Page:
CUOMO: Unquestionable --

GIULIANI: This is an unjustifiable investigation.

CUOMO: You know what's -- you know what's interesting about this situation, I've now been told that I don't know what I'm talking about --

GIULIANI: (INAUDIBLE) blowing up --

CUOMO: By you and by Nancy Pelosi about the same thing.


CUOMO: And both of you were wrong when you said it.

GIULIANI: We're both Italian and we're (INAUDIBLE). CUOMO: And here's why. You were both wrong. Here's why. We know that Russian interference was real, OK. We know that they wanted to do it and they were successful in many of their efforts. We know they did it because they wanted to help Trump and hurt Clinton.

GIULIANI: But in --

CUOMO: We need to get to the answers of why they did it --

GIULIANI: But we have the answer!

CUOMO: How they do it --

GIULIANI: We've got the answer.

CUOMO: Who might have helped them, and how to stop this the next time.

GIULIANI: Well, the Democratic Party probably helped them with the dossier and everything else.

CUOMO: Oh, come on. Come on.

GIULIANI: That's part of the basis for the investigation.

CUOMO: Come on.

GIULIANI: The totally in -- totally corrupt dossier that was developed on -- on the president. And if you're asking me who have committed crimes here, the crimes have been committed by the investigators. Illegal leaking. Lying about relevant matters. Invasions of the attorney/client privilege, which were unethical not criminal.

CUOMO: It was carried by warrant. You have a great judge, who I'm sure you'll agree with in Kemba Wood, appointing a special master, letting the teams apportion what they see as privileged information.

GIULIANI: But the president has --

CUOMO: Having her look at it.

GIULIANI: A special master has said that she's very concerned about the violation of the attorney/client privilege.

CUOMO: Which is why she's put in place.

GIULIANI: And which is why the documents have not been --

CUOMO: If he had no concerns about it, you wouldn't need one.

GIULIANI: The documents are probably going to get (INAUDIBLE).

CUOMO: But they're following the law. They're following the law, Rudy. You should respect that as much as anybody.

GIULIANI: Yes, but the law is only -- I respect it immensely, that's why I'm fighting it out in court, not -- CUOMO: Well, you're maligning the whole process. You're saying they violated it with storm troopers for doing it.

GIULIANI: Well, you're telling me -- you're telling me that you can violate my client's rights and I have to just accept it?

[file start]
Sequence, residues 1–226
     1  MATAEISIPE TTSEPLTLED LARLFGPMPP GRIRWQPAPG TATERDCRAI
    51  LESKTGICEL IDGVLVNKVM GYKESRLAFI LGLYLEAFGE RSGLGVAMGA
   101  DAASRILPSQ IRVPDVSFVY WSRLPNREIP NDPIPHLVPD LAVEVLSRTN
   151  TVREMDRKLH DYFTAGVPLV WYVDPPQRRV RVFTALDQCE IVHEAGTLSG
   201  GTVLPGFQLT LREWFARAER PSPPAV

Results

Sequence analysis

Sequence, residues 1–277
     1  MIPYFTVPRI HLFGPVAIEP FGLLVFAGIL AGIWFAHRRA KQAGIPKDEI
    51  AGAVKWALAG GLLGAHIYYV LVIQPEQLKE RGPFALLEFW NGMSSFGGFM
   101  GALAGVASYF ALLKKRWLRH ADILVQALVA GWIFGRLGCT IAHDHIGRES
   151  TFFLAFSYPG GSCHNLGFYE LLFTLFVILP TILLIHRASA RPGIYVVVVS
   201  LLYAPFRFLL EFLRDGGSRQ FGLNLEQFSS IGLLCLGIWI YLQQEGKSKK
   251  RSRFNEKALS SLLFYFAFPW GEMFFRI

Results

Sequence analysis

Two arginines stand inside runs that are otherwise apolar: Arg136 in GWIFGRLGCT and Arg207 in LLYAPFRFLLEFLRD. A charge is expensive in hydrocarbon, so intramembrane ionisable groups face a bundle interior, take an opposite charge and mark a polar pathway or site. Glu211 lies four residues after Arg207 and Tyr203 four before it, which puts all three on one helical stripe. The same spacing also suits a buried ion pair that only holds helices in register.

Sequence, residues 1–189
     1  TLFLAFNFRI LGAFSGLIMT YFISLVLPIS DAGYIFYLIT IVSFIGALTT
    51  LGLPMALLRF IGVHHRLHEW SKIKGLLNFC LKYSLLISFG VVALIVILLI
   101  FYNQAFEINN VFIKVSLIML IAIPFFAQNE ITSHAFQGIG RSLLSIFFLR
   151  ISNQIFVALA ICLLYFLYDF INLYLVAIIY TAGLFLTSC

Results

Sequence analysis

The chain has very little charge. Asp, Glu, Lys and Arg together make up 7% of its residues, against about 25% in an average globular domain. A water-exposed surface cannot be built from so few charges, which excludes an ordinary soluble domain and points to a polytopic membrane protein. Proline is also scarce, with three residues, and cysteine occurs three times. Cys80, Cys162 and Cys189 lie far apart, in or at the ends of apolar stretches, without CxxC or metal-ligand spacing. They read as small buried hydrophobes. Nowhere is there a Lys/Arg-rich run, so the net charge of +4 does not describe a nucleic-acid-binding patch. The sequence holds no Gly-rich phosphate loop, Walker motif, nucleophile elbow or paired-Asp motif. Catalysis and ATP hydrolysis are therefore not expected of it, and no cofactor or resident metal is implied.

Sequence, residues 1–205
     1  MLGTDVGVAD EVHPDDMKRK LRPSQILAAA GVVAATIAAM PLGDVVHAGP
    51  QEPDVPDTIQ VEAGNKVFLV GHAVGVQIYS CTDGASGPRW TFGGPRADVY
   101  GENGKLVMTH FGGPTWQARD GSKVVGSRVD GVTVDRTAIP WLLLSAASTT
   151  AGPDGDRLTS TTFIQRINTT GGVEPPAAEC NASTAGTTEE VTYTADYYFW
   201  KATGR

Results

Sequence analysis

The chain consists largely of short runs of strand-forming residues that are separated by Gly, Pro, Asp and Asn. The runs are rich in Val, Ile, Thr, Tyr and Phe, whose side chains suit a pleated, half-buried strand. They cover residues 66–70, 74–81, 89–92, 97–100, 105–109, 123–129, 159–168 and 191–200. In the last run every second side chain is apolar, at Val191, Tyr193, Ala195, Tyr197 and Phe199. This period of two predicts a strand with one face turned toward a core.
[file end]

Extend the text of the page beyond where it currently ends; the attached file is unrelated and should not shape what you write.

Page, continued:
GIULIANI: Because I'm -- I have a lot more courage than them.

CUOMO: I'm saying that you shouldn't assume that they violated the rights --

GIULIANI: I'm not assuming.

CUOMO: And that they acted inappropriately.

GIULIANI: I don't assume it.

CUOMO: But you're saying they are.

GIULIANI: Well, I -- I have practiced law for years. I've never heard of searching a lawyer's office for documents --

CUOMO: It happens.

GIULIANI: About a client.

CUOMO: You know it happens.

GIULIANI: And let's get --

CUOMO: I'm sure you've done it.

GIULIANI: I did not, Chris.

CUOMO: You were known as a muscled up guy when you were at the southern district.

GIULIANI: I did not. I'm not a muscle guy. Get out of here.

CUOMO: You didn't do strong things? You didn't take aggressive action? You weren't aggressive in the investigation.

GIULIANI: I do -- and I do as a lawyer for my clients. And my client is being unfairly prosecuted now. He's being unfairly -- no, he's not being prosecuted and we have pointed out he cannot be indicted either. He cannot be indicted. Do you want to dispute that with me?

CUOMO: I think that it's a question of process. I know that I -- no, no, but, listen, here's why.

GIULIANI: What process?

CUOMO: I know what the -- I know what the guidance is from the DOJ. I know the cases it stems from. GIULIANI: And you know that the special counsel is -- is governed by

that guide.

CUOMO: One hundred percent.

GIULIANI: And the case would be dismissed.

CUOMO: I mean, look, I guess theoretically he could choose to ignore it but he --

GIULIANI: And in which it would face --

CUOMO: But you have been told they won't.

GIULIANI: I am told they won't after some hesitation of two days, which kind of puzzled me.

CUOMO: OK. Right.

GIULIANI: Second, if they do, they know it will be dismissed.